Shelley said he got to know generations of people through his work as a mailman. Then he retired and became a school bus driver—meeting the next generation.
Catfish loved kids. But of course, his three children were always his priority.
Shelley remembered him teaching her how to swim and ride a bike by pushing off the picnic table in their backyard. She also learned to whistle like he would when it was a signal for neighborhood kids to go home for dinner.
He was born in 1935, which Holly said might not have been the most progressive time for men who would one day raise daughters. But she said her dad always told his daughters: Don’t let anyone say you can’t do anything.
“He was the perfect father for me,” Holly said.
The night Catfish died, Shelley said the funeral home director came to their home.
The director’s assistant gave him the address and asked if he knew Charlie Millard.
“Know him? I only bought about a million snow cones off of him when I was a kid,” the director said, as Shelley recalled.
When Catfish went to the hospital in Madison, his family believed they would see him again—even up until the 10th day of his stay there.
But the way COVID-19 attacks the body is still being studied. And it appeared that the disease was attacking him neurologically.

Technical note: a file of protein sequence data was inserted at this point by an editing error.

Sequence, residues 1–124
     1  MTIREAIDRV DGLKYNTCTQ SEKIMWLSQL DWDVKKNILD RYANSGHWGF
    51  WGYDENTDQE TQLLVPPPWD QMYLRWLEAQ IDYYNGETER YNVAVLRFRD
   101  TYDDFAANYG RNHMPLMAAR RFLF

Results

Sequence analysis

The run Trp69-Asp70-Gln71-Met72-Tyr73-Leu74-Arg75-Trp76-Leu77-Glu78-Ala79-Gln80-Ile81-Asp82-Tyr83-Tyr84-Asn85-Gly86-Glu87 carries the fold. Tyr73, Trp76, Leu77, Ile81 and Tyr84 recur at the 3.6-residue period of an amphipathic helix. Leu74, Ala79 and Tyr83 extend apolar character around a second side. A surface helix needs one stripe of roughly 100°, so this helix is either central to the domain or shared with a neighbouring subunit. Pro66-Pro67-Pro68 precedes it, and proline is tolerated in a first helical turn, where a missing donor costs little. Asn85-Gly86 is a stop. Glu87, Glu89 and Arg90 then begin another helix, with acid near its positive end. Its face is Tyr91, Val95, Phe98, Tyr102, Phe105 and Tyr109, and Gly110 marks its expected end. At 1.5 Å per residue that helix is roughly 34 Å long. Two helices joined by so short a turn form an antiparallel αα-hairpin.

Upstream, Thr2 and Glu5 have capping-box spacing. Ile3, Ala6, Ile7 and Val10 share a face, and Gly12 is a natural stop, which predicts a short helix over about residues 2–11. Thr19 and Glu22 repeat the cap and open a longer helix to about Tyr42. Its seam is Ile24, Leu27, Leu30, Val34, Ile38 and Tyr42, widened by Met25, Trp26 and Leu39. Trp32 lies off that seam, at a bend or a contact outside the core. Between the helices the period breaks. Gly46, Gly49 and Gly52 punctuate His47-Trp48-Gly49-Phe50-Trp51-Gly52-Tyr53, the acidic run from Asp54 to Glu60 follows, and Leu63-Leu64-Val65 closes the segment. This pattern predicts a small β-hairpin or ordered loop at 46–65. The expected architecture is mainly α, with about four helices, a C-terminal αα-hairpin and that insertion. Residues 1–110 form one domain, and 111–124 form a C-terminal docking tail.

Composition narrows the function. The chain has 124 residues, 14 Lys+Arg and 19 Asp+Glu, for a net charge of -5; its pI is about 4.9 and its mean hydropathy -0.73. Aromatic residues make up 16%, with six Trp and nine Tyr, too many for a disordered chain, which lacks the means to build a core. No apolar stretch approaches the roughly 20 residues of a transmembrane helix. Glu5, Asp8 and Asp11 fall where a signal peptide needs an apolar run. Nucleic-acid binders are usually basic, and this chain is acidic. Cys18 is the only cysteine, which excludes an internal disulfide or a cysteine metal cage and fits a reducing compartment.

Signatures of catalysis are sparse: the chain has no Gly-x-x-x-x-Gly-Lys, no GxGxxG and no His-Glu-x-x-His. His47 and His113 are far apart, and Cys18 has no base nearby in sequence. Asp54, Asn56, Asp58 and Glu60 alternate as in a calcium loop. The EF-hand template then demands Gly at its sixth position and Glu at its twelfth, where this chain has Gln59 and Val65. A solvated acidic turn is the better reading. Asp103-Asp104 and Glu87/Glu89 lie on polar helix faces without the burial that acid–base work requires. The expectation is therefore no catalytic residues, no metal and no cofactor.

Shelley isn’t a doctor, but she said she wondered if the disease targeted where he was weakest, pointing to his vascular dementia and Alzheimer’s.
After that 10th day, Shelley said “something changed.” He was less verbal. He wasn’t eating as much or understanding Rochelle on the phone.
Only a few days later, the family started discussing hospice.
“That’s how quickly it changed,” Shelley said.
Despite how poorly he was doing medically, there was one bright spot: He had moved beyond the COVID-19 infectious stage.
That meant he could come home to Rock County. Holly said she was told that, in the ambulance, he was alert and looking around.
“He got home that Friday (Oct. 2),” Shelley said. “He didn’t make it through the night.”
Still, coming home meant his family could hold his hand. He wasn’t surrounded by doctors and nurses he just met in a hospital he wasn’t used to.
He was where he’d been his entire life.
And his family is forever grateful for what many others who lose their loved ones to COVID-19 are not given. They don’t know how others manage to say goodbye from so far away.
“If he hadn’t gone home, I don’t know,” Holly said. “It would have been hard to live with ourselves.”
Loved ones outside the immediate family were able to call in and say their goodbyes that evening.
But Catfish, the man who couldn’t leave a restaurant without a few extra conversations, the mailman who always chatted up those on his route, the one who gave his kids the “gift of gab,” couldn’t speak.
“For such a verbal, verbal person his whole life, to have him not be able to talk at the end, was just this strange thing,” Holly said.
“Maybe it was his time to be the listener,” Shelley responded. “I know he heard them. I know he did.”
Emergency room doctors at SSM Health St. Mary’s Hospital-Janesville couldn’t save a relatively young, extremely sick patient who came into the ER with COVID-19.